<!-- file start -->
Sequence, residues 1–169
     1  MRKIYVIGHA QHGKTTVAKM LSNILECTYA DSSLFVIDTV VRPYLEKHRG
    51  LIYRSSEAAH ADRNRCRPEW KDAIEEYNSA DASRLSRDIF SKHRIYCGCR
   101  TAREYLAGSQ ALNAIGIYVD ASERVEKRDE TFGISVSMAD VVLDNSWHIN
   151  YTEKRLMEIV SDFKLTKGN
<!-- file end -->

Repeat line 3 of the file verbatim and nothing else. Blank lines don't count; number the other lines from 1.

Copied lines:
    51  LIYRSSEAAH ADRNRCRPEW KDAIEEYNSA DASRLSRDIF SKHRIYCGCR